Central Florida programs boost chances for babies of at-risk pregnant women
Gabrielle Finley | Sentinel Staff Writer | April 23, 2008
Read the original article at the Orlando Sentinel
Programs help at-risk moms-to-be, to give children a better chance.
SANFORD - Shanette Lee thought hope was around the corner.
Her life had not been easy. Brushes with the law landed her in prison for a few years.
Then a relationship in New Jersey went sour, causing Lee, 29 and three months pregnant, to head to relatives in Sanford. But things got worse, and Lee ended up at a homeless shelter, rationing the prenatal vitamins she got back in New Jersey.
"There were times where I didn't know if I was going to get anything to eat," Lee said.
She was afraid her baby would die.
She was also a walking statistic for black infant mortality.
The death rate for Seminole County's black babies is off the charts -- seven times that of white babies, said midwife Jennie Joseph."This is outrageous, and these statistics can't stand," Joseph said.
Joseph helped establish the programs Save Our Babies, in Orange County, and, more recently, Saving Our Babies in Seminole, to support women such as Lee.
Orange County's Healthy Start Coalition funds Save Our Babies. For now, Joseph uses grants to support Seminole's Saving Our Babies program.
Lee said the programs saved her son's life.
The future of these programs is in question as the Florida House deals with budget cuts during the legislative session that ends May 2.
The proposed budgets call for cutting $5 million from the $37 million budget for the Healthy Start programs that serve every county in the state. That amounts to a $300,000 cut in Orange County's program, said Linda Sutherland, Orange County Healthy Start's executive director.
That means 700 at-risk mothers in Orange will go without help, Sutherland said.
"The need grows, but the money has not followed," she said.
Finding women at risk
Joseph cited several reasons for the high rates around Central Florida:
- Lack of education about pregnancy and prenatal care.
- A confusing health-care system.
- Poor health among black women.
Outreach workers from the groups go into neighborhoods to find women at risk. They visit beauty shops, churches, laundromats, day cares and apartment complexes in areas such as Pine Hills and South Apopka in Orange County, and Goldsboro, Georgetown and Midway in Seminole.
"People trust their peers, so my program is about getting them to talk to each other," Joseph said.
On the streets, workers hand out pamphlets to black women, young or old, pregnant or not, to spread the word about black-infant mortality, said Shena McFadden, Save Our Babies coordinator.
"We are reaching out in nontraditional places. There's not many programs that do that," McFadden said.
Workers are finding women who don't know about prenatal care or don't know how to get it, outreach worker April Johnson said.
Informational baby showers are set up, and mothers get lessons on how to wade through the confusing process of obtaining Medicaid.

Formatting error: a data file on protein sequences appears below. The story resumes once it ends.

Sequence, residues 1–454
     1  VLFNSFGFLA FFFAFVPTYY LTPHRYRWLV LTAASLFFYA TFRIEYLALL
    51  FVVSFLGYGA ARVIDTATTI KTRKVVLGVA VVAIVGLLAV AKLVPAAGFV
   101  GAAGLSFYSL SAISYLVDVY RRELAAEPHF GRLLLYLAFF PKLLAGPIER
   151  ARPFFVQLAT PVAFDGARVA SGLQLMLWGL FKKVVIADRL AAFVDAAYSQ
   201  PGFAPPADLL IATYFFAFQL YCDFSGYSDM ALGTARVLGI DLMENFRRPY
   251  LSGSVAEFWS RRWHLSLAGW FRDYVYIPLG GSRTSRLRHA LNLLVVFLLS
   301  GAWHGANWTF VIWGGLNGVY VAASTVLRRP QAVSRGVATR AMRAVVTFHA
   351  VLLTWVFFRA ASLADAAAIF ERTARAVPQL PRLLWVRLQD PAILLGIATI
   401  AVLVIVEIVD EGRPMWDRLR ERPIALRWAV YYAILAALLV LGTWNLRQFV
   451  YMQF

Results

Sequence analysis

"We know women who are waiting months and months for their Medicaid number," Joseph said. "The fax to Tallahassee doesn't get where it needs to go; you try to reach a live person, there isn't one, or no one's answering the phone. These women need to see an OB/GYN by their first trimester, but they [doctors] are not taking you without Medicaid."
The program created direct access to doctors and officials to make the process as simple as possible, Joseph said.
Another problem is that the mother's physical condition can put the woman and baby at risk.
"It's about educating them on what it takes to be healthy prior to pregnancy," Johnson said
The Orange and Seminole programs also created a grass-roots network of "ambassadors" -- friends, husbands, boyfriends, mothers, grandmothers and anyone else women at risk trust -- who were taught about black-infant mortality and the value of pre- and postnatal care.
One baby better off
It was an ambassador who connected Lee with Saving Our Babies.
When Lee was seven months' pregnant, she felt ill and, afraid for her baby's health, went to the emergency room.
"The doctors said the baby was in danger," Lee said.
That's when she was connected with Rose Davis of Saving Our Babies, who took her in. Tondia Goynes, another program worker, helped Lee get to doctor visits.
"I don't know what would have happened if I didn't get into this program," Lee said.
"I don't know if he would have made it," she said, cradling her newborn.
Caleb Michael Lee, born April 8, was a classic example of an at-risk infant.
But instead he's a healthy baby boy, with just a touch of jaundice common to many newborns.
To donate money to the Save Our Babies and Saving Our Babies programs, call McFadden at 407-741-5243 or Joseph at 407-656-6398.
Gabrielle Finley can be reached at email@example.com or 407-420-5507.